A fast trip up the US West Coast

On our way from San Diego to Channel Islands Harbor we burned a full tank of diesel. So when we left Channel Islands Harbor we had a full tank and 3 jerry cans loaded with diesel. We needed only half of that to get to Pillar Point Harbor in Half Moon Bay, and some of that was for charging. Once again the usual “if you plan for it you won’t need it” happened, which is a good thing. Other unplanned for events happened too, which were not as good. Read on.

Unexpected crew saves the day!

Making plans

We arrived in Channels Islands Harbor Wednesday morning. Lee had family affairs to attend to, and Rob had similar business to cater to. I had the day to myself to tend to small jobs on the boat, and to start thinking about the next leg. My neighbor in the harbor, Ollie, was very friendly and invited me for dinner a couple of times (and to sleep with them as well, but I wanted to start to know Changabang so I slept in my bunk).

The forecast looked good for a departure Friday (as discussed with Robert M.) but I would have to do it alone, which is something I was warming up to but had several concerns about. Faith had it differently as a Facebook post alerted Kathi of my presence on her sailing grounds. Kathi and I go back to our Clipper days. We met up and talked about good old days Thursday evening, then decided to have breakfast together Friday morning. One thing led to another, and she was signed up to sail with Changabang on the trip to her new home, about 285 nautical miles.

285 NM going North

Best sailing ever

After loading gear, food, water and fuel, we motored easily out of the harbor to the oil rig Gina, where we made our first turn for Point Concepcion. Wind was forecast to always be behind the beam and maxing out at 20 kts (with most models showing less than that). This is unusual as most often sailing up North means beating in strong Westerlies/Northerlies.

Dolphins escorted us for a long while, possibly helping us avoid hitting a whale?

From there we sailed and motor sailed every time boat speed was dropping below 5 kts. Saturday was a wonderful day with lots of wildlife (dolphins, whales, birds). Wind was variable but most often between 8-13 kts. As evening approached wind started to increase and, after unseamanlike hesitation from the skipper, we dropped to one reef and geared the genoa down to the staysail. Models were still showing good wind behind the beam below 20 kts.

Very smooth sailing.

Bang as in Changabang

The night proved all models wrong and it also proved that CaB is a very seaworthy sailboat. Wind started piping up to 20 kts, then 24 kts then fluctuating between 24-28 kts, with gusts above 30 (max I saw was 33). We dropped to the second reef and kept going with boat speed between 8-12 kts, most likely dragging plenty of kelp along. As the wind angle clocked between 120 to 70 of port, Changabang remained mostly flat and was skimming on the big sea. It was amazing how it was; a flying carpet is what I thought of. The old B&G autopilot was handling just fine so Kathi and I remained inside, cozy in our bunks. We experienced the classic videos from the Vendee Globe with water gurgling over the coach roof, as we crossed swell and wind waves. This continued unabated for the night and as we approached Pillar Point we were still seeing 20-25 kts.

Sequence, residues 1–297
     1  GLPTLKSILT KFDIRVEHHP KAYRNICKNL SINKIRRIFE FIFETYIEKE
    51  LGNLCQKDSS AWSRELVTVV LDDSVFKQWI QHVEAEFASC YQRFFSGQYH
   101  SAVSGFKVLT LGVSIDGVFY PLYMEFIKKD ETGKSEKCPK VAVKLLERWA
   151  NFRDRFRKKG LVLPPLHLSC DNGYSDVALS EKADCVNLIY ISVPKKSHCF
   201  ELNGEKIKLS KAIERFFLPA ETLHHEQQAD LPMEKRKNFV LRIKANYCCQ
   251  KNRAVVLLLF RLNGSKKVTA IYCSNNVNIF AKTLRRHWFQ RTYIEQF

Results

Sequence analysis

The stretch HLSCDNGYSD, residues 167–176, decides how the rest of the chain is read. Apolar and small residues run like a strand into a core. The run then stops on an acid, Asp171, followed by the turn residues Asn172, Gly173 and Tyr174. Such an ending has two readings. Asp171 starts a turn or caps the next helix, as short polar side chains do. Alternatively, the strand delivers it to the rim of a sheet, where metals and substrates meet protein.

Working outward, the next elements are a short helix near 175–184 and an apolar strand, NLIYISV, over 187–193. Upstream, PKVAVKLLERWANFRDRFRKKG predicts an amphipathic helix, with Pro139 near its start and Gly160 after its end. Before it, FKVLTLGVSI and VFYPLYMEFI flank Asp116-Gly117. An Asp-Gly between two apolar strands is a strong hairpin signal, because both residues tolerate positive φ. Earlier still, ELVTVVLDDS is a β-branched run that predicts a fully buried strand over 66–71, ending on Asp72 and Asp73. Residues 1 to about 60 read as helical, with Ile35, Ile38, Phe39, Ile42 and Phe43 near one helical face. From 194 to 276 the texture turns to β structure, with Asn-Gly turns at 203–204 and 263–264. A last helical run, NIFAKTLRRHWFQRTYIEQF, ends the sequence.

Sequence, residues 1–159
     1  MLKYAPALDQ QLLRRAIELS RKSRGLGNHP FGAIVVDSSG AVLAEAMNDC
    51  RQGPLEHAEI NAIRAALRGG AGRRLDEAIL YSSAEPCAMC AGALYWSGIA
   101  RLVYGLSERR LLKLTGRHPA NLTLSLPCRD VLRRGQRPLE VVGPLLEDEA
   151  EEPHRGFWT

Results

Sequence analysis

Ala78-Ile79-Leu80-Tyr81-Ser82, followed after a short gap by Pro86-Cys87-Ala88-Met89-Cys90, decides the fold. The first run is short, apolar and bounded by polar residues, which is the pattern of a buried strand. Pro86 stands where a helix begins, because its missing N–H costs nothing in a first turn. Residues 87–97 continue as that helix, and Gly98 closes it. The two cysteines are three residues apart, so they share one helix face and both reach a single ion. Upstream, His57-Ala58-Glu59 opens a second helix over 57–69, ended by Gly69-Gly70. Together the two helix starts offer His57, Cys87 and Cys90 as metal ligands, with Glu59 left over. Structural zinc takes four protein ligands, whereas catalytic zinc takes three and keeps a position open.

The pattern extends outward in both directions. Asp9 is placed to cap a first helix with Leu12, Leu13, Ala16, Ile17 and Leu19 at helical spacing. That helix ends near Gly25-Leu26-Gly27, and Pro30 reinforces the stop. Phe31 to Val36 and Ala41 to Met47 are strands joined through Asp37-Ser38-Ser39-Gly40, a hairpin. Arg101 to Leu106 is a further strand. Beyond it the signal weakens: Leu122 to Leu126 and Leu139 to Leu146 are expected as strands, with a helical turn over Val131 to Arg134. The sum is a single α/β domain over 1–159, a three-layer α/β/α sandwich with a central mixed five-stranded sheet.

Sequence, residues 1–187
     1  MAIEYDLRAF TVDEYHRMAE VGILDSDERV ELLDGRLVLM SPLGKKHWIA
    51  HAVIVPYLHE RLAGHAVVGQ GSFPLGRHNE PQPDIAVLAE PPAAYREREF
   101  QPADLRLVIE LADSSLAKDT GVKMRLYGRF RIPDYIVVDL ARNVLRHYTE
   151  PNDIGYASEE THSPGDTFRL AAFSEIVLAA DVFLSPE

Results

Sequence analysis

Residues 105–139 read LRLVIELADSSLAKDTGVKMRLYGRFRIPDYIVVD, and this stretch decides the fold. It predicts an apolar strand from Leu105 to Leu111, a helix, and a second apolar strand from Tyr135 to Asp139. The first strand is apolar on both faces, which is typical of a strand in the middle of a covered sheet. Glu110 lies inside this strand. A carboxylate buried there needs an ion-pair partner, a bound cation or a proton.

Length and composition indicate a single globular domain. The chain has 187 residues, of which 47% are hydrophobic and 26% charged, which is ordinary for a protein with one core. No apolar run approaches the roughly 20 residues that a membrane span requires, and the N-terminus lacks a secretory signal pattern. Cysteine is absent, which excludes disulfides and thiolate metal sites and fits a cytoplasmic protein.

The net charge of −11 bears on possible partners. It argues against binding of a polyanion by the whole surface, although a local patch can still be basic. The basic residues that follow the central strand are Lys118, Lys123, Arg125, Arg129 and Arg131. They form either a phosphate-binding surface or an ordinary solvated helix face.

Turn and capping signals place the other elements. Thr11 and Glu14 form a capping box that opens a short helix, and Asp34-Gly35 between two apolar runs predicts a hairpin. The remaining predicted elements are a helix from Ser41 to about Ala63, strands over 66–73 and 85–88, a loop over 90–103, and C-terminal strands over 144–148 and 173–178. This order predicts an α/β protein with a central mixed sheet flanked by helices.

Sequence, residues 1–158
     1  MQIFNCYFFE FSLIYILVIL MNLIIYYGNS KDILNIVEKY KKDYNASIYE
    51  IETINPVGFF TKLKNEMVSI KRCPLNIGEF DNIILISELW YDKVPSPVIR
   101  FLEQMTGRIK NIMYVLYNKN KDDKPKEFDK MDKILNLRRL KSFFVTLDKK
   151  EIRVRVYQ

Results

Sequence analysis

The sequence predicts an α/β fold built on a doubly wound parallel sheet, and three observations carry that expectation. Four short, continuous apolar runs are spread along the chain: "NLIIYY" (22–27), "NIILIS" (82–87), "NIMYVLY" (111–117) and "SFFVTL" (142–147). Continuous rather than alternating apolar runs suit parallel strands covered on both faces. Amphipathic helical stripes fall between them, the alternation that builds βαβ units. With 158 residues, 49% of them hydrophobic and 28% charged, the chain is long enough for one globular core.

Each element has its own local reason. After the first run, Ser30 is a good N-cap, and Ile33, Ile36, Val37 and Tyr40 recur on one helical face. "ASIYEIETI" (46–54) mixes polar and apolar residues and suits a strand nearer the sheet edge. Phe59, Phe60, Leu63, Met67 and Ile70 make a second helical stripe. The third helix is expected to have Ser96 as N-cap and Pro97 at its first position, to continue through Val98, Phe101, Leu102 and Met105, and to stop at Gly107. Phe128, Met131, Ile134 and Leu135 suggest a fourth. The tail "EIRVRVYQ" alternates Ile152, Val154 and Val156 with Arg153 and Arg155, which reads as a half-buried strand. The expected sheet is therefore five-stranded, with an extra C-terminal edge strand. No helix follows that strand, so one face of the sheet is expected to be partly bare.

Where does trouble happen?

We had had a wonderful and fast ride. Changabang showed she likes offshore sailing. Now it was time to make landfall, and as most sailors know, land can be trouble for boats. We started preparing the boat for landfall, dropping to 3rd reef. We started the engine, pushed it into gear, throttled up and … Nothing happened. The throttle cable was not working. Changabang is not a boat to make landfall under sail in a small craft harbor! Certainly not with a skipper who doesn’t know her well. Her turning radius is very wide too.

A line to the throttle lever kept in place with a bungee cord.

From then on it was very much a case of a cascading series of problems, including a few hail calls from a concerned harbor patrol. I fiddled with the cable and got nowhere. I thought to heave to and that caused all sorts of troubles, with the autopilot somehow getting stuck in tack mode. We tried to take the mainsail down (I was hoping that the idle would be enough), only to have top battens entangled in the lazy jack and the running back. Throughout all of that I was picturing Changabang on the beach and funny newspaper articles! I got a little cranky and Kathi took the brunt of it (of which I am not proud). Finally we got things sorted out and were sailing South under staysail alone. I made a call to Skip, whom among other things suggested to jerry rig a line to the throttle lever on the engine.

MacGyver to the rescue

Safely docked.

After going through the trouble of jerry rigging that line, we decided to make our approach to Pillar Point. So I get the engine in forward, push the throttle and, oh miracle, it starts working!?!? I’ll skip through the bit of troubles we had docking, only to say that in the end, all is well that is well.

The trip was by far one of my best sailing experiences. It was fun to be along with Kathi; Changabang handled like a dream (with boat speed well below polars; much to learn still); wildlife experiences were everywhere. And best of all it only took us a day and half to get home. Brilliant!

What’s next?

Well, there’s plenty to do. I’ve started emptying the boat to deep clean her. The job list grows; and we have much to add. So keep on following us for future updates, including pictures and funny videos.

Author: Skipper

Wannabe circumnavigator. http://pjsails.com/a-skipper-looking-for-adventure/

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